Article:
Mark Olson & the Creekdippers, |
Mark Olson, co-founder of the Jayhawks with Gary Louris, left that critically acclaimed alternative country band several years ago, leaving Louris to take the Jayhawks in a more mainstream direction on Smile, one of 2000's best releases. Meanwhile, on December's Child, Olson's compositions, arrangements and vocals veer off the main road into territory that is not for everybody. Any resemblance to the Jayhawks on this CD is entirely coincidental except for the next to last track, "Say You'll Be Mine," which Olson co-wrote and sings with Louris. On that song you may actually think you are listening to vintage period Jayhawks. Don't expect to enjoy this disc because you are a Jayhawks fan. If you like this music it will be strictly on its own merits.
Olson's vocals and melodies, while adequate, tend to be similar sounding, so it is a good thing that many of the underlying, eclectic, instrumental arrangements set the songs apart from one another. "Back to the Old Homeplace" is piano-driven. "Nerstrand Woods" features a prominent wood block as the only percussion instrument, along with strummed acoustic guitars, and is presented in such a way that the wood block is almost the lead instrument on the track. "Cactus Wren" begins with almost 2 1/2 minutes of soothing instrumental music featuring a violin, trumpet and piano before Olson begins singing on this 4:41-minute track. The title track features a violin along with triangle accompaniment throughout the entire song. Other tracks feature Olson's wife, Victoria Williams, a major country-folk artist in her own right, on wah wah banjo.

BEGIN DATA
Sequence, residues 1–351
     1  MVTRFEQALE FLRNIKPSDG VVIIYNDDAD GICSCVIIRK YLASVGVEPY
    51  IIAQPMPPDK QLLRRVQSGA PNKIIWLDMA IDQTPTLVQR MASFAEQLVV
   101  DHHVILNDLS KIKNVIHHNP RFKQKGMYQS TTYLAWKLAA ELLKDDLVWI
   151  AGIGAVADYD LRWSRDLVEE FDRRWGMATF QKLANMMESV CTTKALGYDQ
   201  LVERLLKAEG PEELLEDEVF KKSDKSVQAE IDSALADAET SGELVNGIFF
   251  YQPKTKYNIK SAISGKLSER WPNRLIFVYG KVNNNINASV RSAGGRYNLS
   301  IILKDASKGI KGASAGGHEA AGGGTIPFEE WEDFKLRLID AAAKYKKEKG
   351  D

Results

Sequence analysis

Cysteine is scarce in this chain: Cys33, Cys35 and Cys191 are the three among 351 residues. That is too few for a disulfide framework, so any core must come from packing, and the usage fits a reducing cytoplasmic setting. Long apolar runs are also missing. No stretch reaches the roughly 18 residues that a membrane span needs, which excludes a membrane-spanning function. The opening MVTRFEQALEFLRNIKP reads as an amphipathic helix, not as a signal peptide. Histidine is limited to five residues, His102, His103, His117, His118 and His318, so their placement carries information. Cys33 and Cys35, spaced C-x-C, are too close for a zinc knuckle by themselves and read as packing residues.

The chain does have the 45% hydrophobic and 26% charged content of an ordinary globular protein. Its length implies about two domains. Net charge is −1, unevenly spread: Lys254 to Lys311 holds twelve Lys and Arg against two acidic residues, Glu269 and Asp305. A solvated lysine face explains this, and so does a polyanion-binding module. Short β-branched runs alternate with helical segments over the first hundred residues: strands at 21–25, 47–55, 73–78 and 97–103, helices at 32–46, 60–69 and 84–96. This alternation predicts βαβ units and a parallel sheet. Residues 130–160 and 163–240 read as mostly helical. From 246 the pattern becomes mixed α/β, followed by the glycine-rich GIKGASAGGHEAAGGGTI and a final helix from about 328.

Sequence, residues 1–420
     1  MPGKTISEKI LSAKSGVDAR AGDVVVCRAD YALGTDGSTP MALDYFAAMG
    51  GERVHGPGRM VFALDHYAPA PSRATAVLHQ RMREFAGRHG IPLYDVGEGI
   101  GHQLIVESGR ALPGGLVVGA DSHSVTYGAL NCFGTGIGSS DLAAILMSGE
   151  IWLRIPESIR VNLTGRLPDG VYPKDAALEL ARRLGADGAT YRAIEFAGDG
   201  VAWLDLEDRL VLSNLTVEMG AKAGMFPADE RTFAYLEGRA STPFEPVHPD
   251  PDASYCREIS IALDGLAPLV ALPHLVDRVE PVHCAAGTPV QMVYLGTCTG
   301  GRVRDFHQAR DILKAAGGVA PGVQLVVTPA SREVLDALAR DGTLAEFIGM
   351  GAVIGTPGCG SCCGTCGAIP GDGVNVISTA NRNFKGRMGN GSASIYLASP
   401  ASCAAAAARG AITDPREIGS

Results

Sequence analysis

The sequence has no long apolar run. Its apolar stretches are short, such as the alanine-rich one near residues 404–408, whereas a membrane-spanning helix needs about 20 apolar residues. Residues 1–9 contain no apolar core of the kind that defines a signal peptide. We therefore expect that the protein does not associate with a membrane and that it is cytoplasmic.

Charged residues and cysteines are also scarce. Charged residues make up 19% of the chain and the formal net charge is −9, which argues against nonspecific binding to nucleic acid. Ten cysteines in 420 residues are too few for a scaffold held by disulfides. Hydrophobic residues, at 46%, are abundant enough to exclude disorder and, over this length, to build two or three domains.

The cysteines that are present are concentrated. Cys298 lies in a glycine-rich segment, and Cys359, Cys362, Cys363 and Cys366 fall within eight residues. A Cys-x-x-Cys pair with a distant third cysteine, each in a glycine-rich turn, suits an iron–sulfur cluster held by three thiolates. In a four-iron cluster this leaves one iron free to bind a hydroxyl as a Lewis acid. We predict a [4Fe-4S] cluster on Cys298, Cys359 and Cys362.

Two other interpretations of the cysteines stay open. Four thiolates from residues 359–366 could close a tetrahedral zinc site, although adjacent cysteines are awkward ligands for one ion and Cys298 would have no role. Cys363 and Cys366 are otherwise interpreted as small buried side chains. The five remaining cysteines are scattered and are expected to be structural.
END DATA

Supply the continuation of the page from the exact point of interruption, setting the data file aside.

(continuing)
Lyrically, the subject matter is diverse. Olson writes about an "old junkie sitting on a truckbed" on "Alta's Song." "Nerstrand Woods" is about wanting to walk with a lost lover in a favorite woods. "One Eyed Black Dog Moses" is about a very mangy mutt that still manages to be a best friend.
Fortunately, Williams is relegated to singing background vocals on most tracks so her poor vocals do not get in the listener's way too often. When she accompanies Olson's leads, I cringe. On the already rowdy and strange "Black Dog Moses," her screeching voice sounds like a hillbilly Yoko Ono. Note to Williams: some people are meant to sing, others are meant to compose and play. Not many excel at all of it. Maybe Olson can sing some of Williams' work on the next Creekdippers CD so we can listen to her songs long enough to decide if she really does have the songwriting talent many critics praise.
This CD is aimed at people who like lyrics and folk music but instrumentally it overwhelms everything else and attention is only paid to the music.
[ by Charlie Ricci ]